Buckle up, prepare for lift off!
The international tourism industry was one of the hardest hit by the COVID-19 crisis. In 2020, air traffic dropped by 60%, recording its worst year in history, with activity levels comparable to 2003! Last year, travel slowly resumed, still at the mercy of sanitary turbulences and border restrictions. After a difficult start, 2022 should finally give the sector a much-anticipated breath of fresh air.
Return to pre-pandemic altitudes in 2024
Source: Statistics and forecasts from the International Air Transport Association (IATA), data updated on March 1, 2022
I need a vacation, stat.!
As soon as the easing of certain restrictions was announced in February, travel agencies all over the province saw demand for travel explode. Air Canada, for its part, announced the reopening of 34 international destinations by summer.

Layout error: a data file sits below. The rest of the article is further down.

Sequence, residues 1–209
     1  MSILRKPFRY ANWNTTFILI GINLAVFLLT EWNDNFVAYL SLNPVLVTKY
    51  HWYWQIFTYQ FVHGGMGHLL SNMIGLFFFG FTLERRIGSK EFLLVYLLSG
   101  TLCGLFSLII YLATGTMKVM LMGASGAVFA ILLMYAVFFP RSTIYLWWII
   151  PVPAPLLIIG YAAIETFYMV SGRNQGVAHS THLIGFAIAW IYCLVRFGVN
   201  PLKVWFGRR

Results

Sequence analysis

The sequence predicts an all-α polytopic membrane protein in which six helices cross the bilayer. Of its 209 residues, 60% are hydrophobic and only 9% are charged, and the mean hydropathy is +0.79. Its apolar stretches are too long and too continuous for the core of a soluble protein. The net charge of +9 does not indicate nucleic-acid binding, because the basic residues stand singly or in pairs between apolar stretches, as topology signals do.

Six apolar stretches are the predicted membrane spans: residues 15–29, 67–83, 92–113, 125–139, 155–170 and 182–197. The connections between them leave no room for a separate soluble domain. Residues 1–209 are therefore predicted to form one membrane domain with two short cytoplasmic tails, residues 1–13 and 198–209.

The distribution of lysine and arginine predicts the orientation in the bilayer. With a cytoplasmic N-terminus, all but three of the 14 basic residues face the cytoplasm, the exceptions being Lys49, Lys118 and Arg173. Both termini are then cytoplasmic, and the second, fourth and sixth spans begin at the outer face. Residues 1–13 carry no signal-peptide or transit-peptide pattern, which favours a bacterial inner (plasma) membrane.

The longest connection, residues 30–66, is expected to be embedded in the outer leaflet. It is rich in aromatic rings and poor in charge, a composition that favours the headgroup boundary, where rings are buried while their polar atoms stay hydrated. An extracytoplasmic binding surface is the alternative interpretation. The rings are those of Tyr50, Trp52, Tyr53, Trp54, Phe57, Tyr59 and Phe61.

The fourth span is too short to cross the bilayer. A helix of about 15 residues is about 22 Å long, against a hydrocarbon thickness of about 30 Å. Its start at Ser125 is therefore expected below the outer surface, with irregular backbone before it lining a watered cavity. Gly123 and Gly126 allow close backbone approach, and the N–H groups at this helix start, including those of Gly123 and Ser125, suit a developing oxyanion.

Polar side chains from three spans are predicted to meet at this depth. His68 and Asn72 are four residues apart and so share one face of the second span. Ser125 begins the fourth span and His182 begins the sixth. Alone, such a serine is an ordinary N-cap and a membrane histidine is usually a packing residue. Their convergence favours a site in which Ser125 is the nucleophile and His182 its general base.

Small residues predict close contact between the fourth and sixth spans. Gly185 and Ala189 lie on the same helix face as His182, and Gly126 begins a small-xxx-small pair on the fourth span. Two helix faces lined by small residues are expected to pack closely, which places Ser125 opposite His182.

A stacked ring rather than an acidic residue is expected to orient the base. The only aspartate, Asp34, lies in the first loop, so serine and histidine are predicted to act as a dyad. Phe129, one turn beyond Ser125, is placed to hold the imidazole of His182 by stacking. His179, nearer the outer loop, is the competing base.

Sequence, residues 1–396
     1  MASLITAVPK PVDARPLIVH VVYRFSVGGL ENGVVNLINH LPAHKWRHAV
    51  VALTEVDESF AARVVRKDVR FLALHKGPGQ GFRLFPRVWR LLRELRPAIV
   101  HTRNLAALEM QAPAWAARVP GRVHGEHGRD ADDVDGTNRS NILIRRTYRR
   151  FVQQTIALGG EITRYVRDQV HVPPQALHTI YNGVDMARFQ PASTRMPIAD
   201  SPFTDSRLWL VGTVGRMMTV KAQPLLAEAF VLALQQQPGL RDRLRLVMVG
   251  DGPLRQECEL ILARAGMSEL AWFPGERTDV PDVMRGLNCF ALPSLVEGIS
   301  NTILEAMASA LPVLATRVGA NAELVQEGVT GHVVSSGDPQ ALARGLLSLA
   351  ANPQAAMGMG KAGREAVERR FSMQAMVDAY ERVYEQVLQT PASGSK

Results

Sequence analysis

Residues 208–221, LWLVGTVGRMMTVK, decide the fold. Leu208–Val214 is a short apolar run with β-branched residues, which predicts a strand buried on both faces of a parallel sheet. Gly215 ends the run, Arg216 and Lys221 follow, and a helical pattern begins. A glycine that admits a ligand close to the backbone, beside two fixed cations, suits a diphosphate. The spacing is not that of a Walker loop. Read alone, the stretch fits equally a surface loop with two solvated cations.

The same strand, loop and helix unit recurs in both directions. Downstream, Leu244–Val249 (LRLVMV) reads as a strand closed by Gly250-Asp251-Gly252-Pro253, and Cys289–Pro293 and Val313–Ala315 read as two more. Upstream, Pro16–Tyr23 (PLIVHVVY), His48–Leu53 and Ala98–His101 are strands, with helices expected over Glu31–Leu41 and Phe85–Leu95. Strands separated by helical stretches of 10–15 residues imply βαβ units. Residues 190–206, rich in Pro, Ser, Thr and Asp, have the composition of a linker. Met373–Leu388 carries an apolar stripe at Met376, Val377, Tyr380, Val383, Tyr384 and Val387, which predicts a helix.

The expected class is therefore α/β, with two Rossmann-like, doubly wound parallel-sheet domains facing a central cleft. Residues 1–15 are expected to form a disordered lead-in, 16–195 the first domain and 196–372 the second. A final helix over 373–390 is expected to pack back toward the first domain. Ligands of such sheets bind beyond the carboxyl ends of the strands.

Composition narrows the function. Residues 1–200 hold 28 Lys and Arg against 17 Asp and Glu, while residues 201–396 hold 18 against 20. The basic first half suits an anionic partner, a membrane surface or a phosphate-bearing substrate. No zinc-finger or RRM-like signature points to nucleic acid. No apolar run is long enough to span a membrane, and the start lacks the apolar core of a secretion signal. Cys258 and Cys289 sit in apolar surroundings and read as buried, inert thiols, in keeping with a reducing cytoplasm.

Source: Radio-Canada, Les agences de voyages débordées par des réservations à la dernière minute, March 2022
Vacations 2022: beach destinations for the win!
Source: Vividata, Winter 2022, Québec fr., 14+
Movement in the industry
Bankruptcies, reorganizations, layoffs . . . the pandemic affected travel industry specialists worldwide. In Canada, government subsidies often helped prevent the worst, but the sector is not immune to drastic changes.
The air transport sector is evolving
Source: Les Ailes du Québec, L’entente entre Air Transat et WestJet inchangée, March 2022
The lodging industry: not all on equal footing
Innovating to stay in the game
The pandemic crisis may be behind us, but the travel industry is still facing structural challenges. The generalized labour shortage is having an impact on customer experience. To compensate, tourism companies are investing in automating low value-added tasks. For instance, Quebec’s own Happy Hotels offers augmented reality and virtual training sessions for hospitality employees.
CSR shift: a must
Source: ESG UQÀM Transat Chair in Tourism and Tourism Intelligence Network, Perspectives touristiques 2022